Another thing that feels dated about this show is the way it portrays New York City—much closer to the crime-ridden reputation it had in the 1970s and early 1980s than how it is today. Of course, anywhere will be unsafe if you're involved in organized crime, but Eiji calling Chinatown a "dangerous area" rang a little false to me as someone who has walked around it at night plenty. I don't expect pitch-perfect representation of American cities from anime, of course, but it is something that puts the original story into a stark time and place, echoing how American media also portrayed New York at the time. Both of these elements are central to the plot, making them more difficult to update in adaptation. MAPPA seems to be doing a better job of bringing Banana Fish into the present aesthetically, and it doesn't hurt that some of these bold '80s fashions are back in style!
Banana Fish also comes from a time when gay stories in manga were fraught with peril—especially sexual danger—and the relationships often ended tragically. There's still plenty of that around today, but it's eclipsed by the popularity of fluffier and less sensationalist stories by comparison. The first three episodes revolve around Ash being constantly at risk of sexual assault from much bigger men. This isn't the kind of BL that suggests that rape or child abuse is sexy, but it does rely on these threats for shock and surreptitious titillation in a way that feels distasteful today. These threats are mostly a device to beautify the leads, to prove how "damaged" yet "badass" Ash is for surviving them—sexual assault as plot device above much else. This angsty past full of assault can be common in BL, especially for the more masculine (usually the seme) character in a relationship, and while it's better than outright eroticizing assault, the show still isn't taking these elements seriously enough given their gravity. It's certainly hard to ignore the way the camera frames Ash's damaged body.
Given how important this manga seems to be to its many LGBT fans, I hope that Banana Fish improves these elements with time. The show does seem to have a realistic and empathetic understanding of how trauma affects its characters in other ways, like the way that Max's guilt over Griffin still haunts him, leading him to take it out on Ash. Perhaps over the course of the show, Ash's his history of child abusewill be explored in a similar way, beyond how it's made him into such a rugged love interest for Eiji.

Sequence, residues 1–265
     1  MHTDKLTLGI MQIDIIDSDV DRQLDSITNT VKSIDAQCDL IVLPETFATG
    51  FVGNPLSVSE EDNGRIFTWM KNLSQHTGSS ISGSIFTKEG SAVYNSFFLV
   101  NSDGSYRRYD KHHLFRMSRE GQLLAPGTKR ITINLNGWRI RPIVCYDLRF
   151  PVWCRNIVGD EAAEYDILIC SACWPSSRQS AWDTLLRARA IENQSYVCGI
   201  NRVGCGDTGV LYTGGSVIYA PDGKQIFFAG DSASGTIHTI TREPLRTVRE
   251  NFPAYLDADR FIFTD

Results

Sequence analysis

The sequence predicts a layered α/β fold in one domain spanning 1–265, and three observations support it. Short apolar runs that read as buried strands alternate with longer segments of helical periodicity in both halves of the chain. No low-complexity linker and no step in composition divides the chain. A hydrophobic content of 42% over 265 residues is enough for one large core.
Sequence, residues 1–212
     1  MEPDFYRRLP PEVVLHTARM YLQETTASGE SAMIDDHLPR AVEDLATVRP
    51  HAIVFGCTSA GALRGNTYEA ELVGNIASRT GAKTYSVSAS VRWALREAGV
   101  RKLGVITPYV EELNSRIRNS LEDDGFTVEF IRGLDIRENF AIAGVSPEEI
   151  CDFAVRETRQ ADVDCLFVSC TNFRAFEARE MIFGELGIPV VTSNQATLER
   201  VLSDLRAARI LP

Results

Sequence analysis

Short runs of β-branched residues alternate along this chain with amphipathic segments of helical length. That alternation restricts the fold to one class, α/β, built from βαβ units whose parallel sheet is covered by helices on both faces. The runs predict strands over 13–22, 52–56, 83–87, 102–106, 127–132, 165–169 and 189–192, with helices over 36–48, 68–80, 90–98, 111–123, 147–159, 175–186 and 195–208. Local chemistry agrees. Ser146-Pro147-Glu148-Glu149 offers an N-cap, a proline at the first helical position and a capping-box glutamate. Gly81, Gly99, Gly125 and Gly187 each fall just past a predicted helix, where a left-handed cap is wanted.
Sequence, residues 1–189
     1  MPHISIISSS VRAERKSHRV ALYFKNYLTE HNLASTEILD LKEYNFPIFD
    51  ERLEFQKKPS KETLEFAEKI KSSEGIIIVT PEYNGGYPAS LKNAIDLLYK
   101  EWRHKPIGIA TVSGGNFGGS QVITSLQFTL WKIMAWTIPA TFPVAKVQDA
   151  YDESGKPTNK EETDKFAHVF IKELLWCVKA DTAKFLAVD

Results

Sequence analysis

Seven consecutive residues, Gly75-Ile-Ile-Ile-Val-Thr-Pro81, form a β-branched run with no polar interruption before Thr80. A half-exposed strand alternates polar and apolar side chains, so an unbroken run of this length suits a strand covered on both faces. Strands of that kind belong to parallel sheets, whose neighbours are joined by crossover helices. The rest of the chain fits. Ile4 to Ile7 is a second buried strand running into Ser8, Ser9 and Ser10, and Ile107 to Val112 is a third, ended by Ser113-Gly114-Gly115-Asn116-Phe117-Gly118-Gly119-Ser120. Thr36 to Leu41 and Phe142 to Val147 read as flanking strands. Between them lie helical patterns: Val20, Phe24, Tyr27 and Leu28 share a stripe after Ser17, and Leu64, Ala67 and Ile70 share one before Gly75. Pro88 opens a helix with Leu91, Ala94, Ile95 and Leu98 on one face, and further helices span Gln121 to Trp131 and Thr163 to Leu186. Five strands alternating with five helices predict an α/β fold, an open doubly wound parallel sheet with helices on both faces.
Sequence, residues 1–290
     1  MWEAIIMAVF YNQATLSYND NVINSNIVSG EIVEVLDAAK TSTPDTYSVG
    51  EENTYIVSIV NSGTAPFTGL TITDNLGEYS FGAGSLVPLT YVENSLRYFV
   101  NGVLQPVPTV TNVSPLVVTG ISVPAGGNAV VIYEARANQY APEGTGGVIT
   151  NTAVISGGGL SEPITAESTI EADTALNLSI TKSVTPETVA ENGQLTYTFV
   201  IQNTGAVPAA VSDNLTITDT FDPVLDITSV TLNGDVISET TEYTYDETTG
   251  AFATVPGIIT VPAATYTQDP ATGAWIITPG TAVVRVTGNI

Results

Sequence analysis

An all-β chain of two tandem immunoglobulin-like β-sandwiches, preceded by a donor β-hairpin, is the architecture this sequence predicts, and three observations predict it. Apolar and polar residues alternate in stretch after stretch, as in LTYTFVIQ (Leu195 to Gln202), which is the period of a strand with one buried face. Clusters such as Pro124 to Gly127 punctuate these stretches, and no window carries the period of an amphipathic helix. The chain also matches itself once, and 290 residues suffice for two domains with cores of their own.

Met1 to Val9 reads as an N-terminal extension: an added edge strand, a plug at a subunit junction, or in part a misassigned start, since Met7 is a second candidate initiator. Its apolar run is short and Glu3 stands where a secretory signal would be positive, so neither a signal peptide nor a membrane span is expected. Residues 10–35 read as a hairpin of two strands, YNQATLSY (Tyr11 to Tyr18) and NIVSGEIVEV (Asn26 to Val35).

Speaking of that love angle, episode 3 should banish all doubt as to whether Ash and Eiji will share something special between them. We've already gotten Ash and Eiji's big kiss—or so it seems. It's not a genuinely romantic gesture yet, so to some extent it "doesn't count". Still, Eiji is surprisingly calm about this interaction, even before he realizes what Ash is really trying to do. From the moment in the premiere when Ash let him touch his gun (yeah that's definitely not a metaphor for anything else), it's clear these two boys already have a special bond. Banana Fish's strong and twisted story strengthens it, making you wonder not only when they'll get together, but how they'll weather all the conflict, misery, and mystery around them.
The series isn't perfect, and it definitely shows the manga's age in places, but MAPPA is doing all it can to bring the material up to speed for a modern audience, and it's mostly working so far. All I feel when I finish an episode of Banana Fish is how much I want more—more answers to its questions, more info on its rich cast, more action, and more of its surprisingly sweet central romance. There's a little something for everyone here, so don't be surprised if it hooks you.
Banana Fish is currently streaming on Amazon Prime.